over time, starting with the prior rights that the original settlers had upon their
first occupancy and land use. These interests, investments, and assets are eroding
because of increased government regulations.


D.4 Impacts on Property Rights & Interests

Throughout Catron County there is much concern about threats to private property
associated with land and water rights. A general sense prevails that governmental
agencies disregard private property interests. Concerns over trespass have ranged
from physical trespass by governmental agencies to property damage by elk on
private property. The property owner has little recourse for the loss of forage or
improvements that are damaged by elk. Northern Catron County private property
owners stated that government employees enter onto private property without
obtaining permission from the owner.

In addition, over the last ten years there has been a sharp decline in the economic
value of a federal grazing permit from $1,500 to $600. This is primarily due to the
uncertain future of the permits, and the lack of government protection of the
"investment backed expectations" by the private party. In short, when there is a
contract between a private party and the government, there is an investment
backed expectation by both parties. For example, timber contractor rights to
investment backed expectations are not being met when the Forest Service
withdraws proposed timber sales without reparation.


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Ranchers on government lands also have investment backed expectations in their
grazing permit that is tied to their commensurate private property. When grazing
permits are reduced or grazing fees increased, the economic impact is upon the
entire economic unit—and the ability to make a fair return on the investment. For
many of the grazing permits, there are also pre-existing rights associated with the
ranch and base property, expressed as preference rights. Section Eight consultation
between federal agencies and the permittee is also a preference right.

In addition, there is a basic question of fairness and due process in increasing
regulations on government lands. In the case of the Mexican spotted owl, the
interim zones significantly reduced the wood products industry in Catron County.
This was implemented without substantial supporting evidence or public input,
causing undue hardship on a county for the sake of a few.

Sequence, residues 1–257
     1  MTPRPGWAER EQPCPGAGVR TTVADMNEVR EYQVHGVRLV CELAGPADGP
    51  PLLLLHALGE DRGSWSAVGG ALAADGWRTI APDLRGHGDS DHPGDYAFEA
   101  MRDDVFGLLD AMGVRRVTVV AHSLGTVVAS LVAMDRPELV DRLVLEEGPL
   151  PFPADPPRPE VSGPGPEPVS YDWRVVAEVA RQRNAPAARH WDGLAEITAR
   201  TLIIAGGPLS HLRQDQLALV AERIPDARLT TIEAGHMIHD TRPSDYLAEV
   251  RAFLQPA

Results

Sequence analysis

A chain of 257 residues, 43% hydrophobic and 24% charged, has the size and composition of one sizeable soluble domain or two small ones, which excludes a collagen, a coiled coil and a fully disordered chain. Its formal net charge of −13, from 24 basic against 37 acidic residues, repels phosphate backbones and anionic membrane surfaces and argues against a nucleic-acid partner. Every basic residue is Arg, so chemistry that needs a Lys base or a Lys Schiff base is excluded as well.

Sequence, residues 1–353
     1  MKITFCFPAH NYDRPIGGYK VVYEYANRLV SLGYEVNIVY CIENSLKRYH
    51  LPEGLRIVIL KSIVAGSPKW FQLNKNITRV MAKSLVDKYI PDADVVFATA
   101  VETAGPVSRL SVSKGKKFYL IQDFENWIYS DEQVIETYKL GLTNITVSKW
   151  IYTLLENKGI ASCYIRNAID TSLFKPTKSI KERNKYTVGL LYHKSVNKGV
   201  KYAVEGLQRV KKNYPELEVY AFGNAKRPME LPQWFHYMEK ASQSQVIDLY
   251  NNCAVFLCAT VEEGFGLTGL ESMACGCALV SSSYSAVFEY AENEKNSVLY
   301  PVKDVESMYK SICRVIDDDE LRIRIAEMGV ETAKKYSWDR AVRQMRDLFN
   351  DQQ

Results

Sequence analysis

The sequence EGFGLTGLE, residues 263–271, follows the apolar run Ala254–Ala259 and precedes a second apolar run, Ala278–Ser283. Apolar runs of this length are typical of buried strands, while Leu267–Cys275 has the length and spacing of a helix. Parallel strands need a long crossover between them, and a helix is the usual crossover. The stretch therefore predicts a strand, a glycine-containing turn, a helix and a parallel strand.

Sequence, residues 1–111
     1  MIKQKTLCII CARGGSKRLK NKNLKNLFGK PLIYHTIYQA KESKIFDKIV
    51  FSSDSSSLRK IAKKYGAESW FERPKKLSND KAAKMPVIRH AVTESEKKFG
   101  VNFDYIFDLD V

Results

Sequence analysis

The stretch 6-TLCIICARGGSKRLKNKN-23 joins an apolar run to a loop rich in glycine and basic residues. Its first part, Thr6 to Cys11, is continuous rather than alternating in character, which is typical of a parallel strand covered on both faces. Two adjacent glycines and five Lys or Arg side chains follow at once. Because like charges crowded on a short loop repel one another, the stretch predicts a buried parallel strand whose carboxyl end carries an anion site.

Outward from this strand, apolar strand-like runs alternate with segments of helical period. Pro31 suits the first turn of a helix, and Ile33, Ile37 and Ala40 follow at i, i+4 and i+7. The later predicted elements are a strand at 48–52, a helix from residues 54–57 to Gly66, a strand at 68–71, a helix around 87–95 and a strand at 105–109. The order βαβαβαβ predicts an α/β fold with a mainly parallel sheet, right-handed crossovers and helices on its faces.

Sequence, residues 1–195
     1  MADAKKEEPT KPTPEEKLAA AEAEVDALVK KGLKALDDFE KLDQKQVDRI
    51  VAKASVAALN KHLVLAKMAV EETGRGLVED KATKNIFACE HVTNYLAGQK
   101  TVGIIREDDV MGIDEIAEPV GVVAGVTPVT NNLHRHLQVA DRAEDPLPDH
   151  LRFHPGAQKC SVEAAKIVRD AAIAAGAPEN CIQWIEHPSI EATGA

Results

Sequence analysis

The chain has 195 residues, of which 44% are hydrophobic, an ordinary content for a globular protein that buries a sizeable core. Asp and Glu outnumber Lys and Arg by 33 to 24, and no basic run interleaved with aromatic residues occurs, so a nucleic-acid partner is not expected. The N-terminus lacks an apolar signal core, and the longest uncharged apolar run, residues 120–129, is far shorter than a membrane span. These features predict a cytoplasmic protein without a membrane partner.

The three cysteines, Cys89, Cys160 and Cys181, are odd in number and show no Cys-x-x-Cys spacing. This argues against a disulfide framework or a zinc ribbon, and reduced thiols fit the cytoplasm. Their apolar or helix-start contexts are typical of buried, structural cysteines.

There is also the question of due process. This requires that government agencies
work with the rancher in riparian management, instead of eliminating cattle from
stream banks. It means consultation with the timber contractor when that private
party’s investment is at stake. It also requires the federal agencies to coordinate
with Catron County in assessing the social, economic and cultural impacts of
resource decisions.


D.5 Impacts on Catron County Government & Local Schools

When the timber mill was shut down in 1989, county government social programs,
public works and schools were impacted through the loss of revenues. Since 1989,
there has been a ripple effect to county government budgets in financing social
programs. In addition, county road budgets have lost $175,000 from Forest
Receipts Funds. The county’s ability to provide basic road maintenance is seriously
jeopardized. This is having an effect on businesses dependent upon primary and
secondary transportation networks throughout the county. It also has increased the
cost and maintenance of school bus transportation that drive these roads.

In addition to county road impacts, the loss of timber and cattle taxes and fees can
drastically affect county government financing of other infrastructure needs, such
as emergency services, water treatment, and waste management. The Reserve
School District has lost over 45 students directly related to the timber mill closure.
These families relocated outside the county, negatively affecting the State formula
funding, based on student enrollment.

Catron County government is not only being asked to reduce its capacity to provide
basic services and public works, it is in serious jeopardy of losing its bonding
capacity. If the grazing fees increase as discussed earlier in this chapter, it would
reduce the County’s taxable real property value. General obligation bonds are


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Comprehensive Plan                             Community Stability & Catron County Economy


secured by taxable real property. Cattle-related taxable values are critical to the
County’s ability to finance school bonds and infrastructure.




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E. CATRON COUNTY ECONOMY & COMMUNITY STABILITY

E.1 Catron County Economy & Economic Diversification

Historically, the Catron County economy has been dependent upon cattle ranching
and timber as the primary base industries. This is also true today as indicated in
the 1990 economic profile in Figure 3-2. The Catron County Economic Viability
Study was a Forest Service funded economic analysis specifically designed to assess
economic diversity in Catron County.10

The study assessed the opportunities and constraints to the base industries,
tourism, and potential business diversification. After a two year analysis, the
conclusions of the study were: The future of the economy would continue to be
dependent upon the base industries of cattle and timber. Tourism should be
encouraged, along with other business diversification, but that, economically, there
are no substitutes to the base industries of cattle and timber production.
Furthermore, the report recommended ways to foster economic development
initiatives for diversification of commodity production and for service and retail
trades.

Population Stability: The Catron County population was about 2,500 for 1990,
representing approximately 728 families. Given a natural birth rate at 2 percent